All players were signed to three-year contracts paying them $75,000 the first year, $80,000 the second, and $100,000 the third year. Players were allowed to be released from those deals if they were offered an opportunity to sign NFL contracts.
There have been a dozen other failed pro football franchises in San Antonio since the mid-1970s. Some believed the AAF had a chance to succeed where the others had failed because it wasn’t seeking to compete with the NFL, but rather complement that league. It also had investors and support from former NFL players, it hired well-known veteran coaches, some of whom had previously coached in the NFL.
The league also attempted to sell itself through new technology allowing fans to watch games on their phones through the league app, which also helped fans track the movements of every player on the field for fantasy gaming through wearable technology.
San Antonio played a leading role with the AAF. The league chose it to host all eight teams’ training camps in January.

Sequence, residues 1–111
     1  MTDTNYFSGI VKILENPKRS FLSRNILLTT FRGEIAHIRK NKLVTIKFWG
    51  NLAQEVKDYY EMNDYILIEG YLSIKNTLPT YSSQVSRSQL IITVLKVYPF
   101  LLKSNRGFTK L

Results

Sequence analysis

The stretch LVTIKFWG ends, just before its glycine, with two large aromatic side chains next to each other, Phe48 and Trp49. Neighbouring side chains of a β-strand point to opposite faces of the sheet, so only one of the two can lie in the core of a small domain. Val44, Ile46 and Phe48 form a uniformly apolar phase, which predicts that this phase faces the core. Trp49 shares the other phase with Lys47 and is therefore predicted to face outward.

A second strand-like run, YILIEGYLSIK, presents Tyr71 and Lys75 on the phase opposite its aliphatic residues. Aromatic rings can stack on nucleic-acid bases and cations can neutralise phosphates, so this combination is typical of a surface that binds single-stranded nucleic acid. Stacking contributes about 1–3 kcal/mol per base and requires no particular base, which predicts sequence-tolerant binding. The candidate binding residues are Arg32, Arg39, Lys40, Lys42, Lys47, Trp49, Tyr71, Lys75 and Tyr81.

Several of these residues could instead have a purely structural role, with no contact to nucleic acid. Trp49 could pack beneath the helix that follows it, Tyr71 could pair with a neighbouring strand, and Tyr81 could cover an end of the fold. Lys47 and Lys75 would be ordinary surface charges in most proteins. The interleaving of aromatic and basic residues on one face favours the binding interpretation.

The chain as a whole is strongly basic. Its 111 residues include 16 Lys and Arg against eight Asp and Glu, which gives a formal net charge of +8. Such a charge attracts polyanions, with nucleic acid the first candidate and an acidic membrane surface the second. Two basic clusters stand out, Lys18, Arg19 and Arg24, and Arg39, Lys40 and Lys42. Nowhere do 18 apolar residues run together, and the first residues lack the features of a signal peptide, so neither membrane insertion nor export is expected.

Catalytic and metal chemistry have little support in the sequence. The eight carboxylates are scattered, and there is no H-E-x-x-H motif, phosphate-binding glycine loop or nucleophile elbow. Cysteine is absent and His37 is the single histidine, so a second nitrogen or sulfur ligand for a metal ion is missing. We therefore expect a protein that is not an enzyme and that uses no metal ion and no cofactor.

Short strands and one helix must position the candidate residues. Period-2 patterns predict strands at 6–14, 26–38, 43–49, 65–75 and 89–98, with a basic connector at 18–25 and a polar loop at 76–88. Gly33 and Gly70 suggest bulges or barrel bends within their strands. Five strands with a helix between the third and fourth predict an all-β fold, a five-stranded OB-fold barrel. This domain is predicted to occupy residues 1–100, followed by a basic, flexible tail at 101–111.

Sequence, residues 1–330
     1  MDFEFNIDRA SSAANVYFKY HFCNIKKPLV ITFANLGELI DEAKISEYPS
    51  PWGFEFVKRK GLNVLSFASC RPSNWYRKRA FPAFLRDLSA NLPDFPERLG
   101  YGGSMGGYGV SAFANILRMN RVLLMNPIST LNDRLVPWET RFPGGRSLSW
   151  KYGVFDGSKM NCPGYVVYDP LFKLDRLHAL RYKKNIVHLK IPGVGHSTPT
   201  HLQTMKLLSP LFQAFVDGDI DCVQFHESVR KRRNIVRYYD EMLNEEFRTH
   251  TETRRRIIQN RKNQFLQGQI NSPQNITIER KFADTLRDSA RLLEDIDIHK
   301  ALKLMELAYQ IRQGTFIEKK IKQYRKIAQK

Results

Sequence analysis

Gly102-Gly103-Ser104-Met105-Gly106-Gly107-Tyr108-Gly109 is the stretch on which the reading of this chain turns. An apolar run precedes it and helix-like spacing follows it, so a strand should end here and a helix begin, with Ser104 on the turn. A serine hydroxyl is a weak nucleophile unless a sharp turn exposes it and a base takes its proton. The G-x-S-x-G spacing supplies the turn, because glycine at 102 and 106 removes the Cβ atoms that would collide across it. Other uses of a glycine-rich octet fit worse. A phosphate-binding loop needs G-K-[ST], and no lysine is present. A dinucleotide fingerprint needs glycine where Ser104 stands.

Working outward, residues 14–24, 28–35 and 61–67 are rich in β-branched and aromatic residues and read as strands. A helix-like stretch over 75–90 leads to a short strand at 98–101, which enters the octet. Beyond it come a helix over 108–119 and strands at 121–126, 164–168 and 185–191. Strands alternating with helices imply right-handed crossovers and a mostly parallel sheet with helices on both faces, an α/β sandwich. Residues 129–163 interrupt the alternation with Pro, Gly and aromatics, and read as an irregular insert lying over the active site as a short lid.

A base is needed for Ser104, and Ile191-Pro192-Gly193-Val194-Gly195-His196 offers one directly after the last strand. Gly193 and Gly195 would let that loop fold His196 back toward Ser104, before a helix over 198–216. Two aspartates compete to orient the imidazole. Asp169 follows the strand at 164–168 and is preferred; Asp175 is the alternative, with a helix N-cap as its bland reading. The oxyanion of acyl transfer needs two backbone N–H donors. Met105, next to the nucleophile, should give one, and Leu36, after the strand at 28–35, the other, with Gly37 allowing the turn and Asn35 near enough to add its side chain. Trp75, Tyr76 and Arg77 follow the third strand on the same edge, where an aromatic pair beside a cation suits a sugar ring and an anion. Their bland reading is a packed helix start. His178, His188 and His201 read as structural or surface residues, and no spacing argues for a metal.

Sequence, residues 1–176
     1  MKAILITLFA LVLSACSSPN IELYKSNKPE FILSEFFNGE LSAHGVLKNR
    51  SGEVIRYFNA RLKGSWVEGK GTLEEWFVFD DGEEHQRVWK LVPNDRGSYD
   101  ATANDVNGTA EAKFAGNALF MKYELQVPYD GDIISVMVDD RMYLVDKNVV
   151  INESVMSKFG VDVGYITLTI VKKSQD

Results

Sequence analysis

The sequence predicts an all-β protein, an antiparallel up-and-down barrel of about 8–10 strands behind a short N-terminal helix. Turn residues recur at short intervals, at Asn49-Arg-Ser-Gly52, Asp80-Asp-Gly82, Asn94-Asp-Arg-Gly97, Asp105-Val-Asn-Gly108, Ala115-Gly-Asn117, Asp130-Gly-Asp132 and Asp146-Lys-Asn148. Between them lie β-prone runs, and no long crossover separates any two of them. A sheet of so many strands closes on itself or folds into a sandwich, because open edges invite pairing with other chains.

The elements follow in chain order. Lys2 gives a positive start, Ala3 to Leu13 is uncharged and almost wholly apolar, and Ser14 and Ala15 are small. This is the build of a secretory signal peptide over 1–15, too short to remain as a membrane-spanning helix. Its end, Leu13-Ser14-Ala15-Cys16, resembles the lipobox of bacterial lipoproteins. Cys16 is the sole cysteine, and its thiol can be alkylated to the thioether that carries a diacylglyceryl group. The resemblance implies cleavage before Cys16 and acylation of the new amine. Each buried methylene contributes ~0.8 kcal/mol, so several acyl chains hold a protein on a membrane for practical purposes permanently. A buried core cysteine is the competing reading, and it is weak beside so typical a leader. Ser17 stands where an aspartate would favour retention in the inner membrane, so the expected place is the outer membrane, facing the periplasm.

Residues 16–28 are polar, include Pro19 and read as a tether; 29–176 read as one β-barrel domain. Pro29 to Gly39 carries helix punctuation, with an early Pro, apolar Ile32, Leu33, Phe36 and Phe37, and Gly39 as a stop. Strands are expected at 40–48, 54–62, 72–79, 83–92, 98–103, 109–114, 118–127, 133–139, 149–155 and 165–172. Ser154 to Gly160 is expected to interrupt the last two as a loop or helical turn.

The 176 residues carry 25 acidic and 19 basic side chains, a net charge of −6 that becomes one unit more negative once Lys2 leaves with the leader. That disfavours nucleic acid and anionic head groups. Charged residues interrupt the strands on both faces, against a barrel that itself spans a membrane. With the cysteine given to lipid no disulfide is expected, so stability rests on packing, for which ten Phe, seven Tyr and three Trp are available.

The AAF might have succeeded in influencing future changes to NFL rules. The league showed games could be played at a faster pace and replay reviews could be more transparent with referees wearing microphones.
The Commanders and the AAF join a fraternity of past failed San Antonio pro football teams including the Wings of the World Football League (1975), the Gunslingers of the United States Football League (1984-85), the Riders of the World League of American Football (1991-92) , the Force of the Arena Football League (1992), the Texans of the Canadian Football League (1995), and the Talons (2012-14) of the AFL.